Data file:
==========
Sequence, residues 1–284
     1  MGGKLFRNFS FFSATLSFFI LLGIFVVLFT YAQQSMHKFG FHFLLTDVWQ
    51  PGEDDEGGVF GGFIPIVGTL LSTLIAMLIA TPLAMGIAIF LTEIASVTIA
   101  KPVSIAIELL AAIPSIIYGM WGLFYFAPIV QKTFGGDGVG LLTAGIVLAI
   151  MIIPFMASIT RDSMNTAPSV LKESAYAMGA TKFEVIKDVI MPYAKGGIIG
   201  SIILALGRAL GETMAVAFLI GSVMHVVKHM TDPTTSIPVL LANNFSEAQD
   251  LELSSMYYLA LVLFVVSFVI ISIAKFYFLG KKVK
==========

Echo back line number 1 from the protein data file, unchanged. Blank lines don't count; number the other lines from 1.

Sequence, residues 1–284